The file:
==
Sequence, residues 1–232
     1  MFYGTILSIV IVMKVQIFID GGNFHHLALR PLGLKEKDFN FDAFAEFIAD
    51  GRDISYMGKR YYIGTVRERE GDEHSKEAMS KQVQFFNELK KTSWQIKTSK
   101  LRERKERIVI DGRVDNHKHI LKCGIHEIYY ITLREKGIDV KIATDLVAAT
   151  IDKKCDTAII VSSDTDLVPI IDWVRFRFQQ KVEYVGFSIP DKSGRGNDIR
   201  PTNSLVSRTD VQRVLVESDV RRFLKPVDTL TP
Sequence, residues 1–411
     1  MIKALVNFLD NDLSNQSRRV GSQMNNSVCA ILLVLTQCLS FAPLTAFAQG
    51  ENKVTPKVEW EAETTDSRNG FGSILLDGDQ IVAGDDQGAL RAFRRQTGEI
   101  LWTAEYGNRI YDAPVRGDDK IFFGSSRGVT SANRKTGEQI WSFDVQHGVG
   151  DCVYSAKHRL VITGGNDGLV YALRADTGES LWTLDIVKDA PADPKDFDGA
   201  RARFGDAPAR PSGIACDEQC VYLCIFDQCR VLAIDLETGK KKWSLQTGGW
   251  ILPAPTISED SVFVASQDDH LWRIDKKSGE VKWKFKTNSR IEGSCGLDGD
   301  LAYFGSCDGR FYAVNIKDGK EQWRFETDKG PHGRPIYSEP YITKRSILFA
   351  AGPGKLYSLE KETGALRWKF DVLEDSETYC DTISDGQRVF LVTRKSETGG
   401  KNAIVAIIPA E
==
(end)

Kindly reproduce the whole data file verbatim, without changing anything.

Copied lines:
Sequence, residues 1–232
     1  MFYGTILSIV IVMKVQIFID GGNFHHLALR PLGLKEKDFN FDAFAEFIAD
    51  GRDISYMGKR YYIGTVRERE GDEHSKEAMS KQVQFFNELK KTSWQIKTSK
   101  LRERKERIVI DGRVDNHKHI LKCGIHEIYY ITLREKGIDV KIATDLVAAT
   151  IDKKCDTAII VSSDTDLVPI IDWVRFRFQQ KVEYVGFSIP DKSGRGNDIR
   201  PTNSLVSRTD VQRVLVESDV RRFLKPVDTL TP
Sequence, residues 1–411
     1  MIKALVNFLD NDLSNQSRRV GSQMNNSVCA ILLVLTQCLS FAPLTAFAQG
    51  ENKVTPKVEW EAETTDSRNG FGSILLDGDQ IVAGDDQGAL RAFRRQTGEI
   101  LWTAEYGNRI YDAPVRGDDK IFFGSSRGVT SANRKTGEQI WSFDVQHGVG
   151  DCVYSAKHRL VITGGNDGLV YALRADTGES LWTLDIVKDA PADPKDFDGA
   201  RARFGDAPAR PSGIACDEQC VYLCIFDQCR VLAIDLETGK KKWSLQTGGW
   251  ILPAPTISED SVFVASQDDH LWRIDKKSGE VKWKFKTNSR IEGSCGLDGD
   301  LAYFGSCDGR FYAVNIKDGK EQWRFETDKG PHGRPIYSEP YITKRSILFA
   351  AGPGKLYSLE KETGALRWKF DVLEDSETYC DTISDGQRVF LVTRKSETGG
   401  KNAIVAIIPA E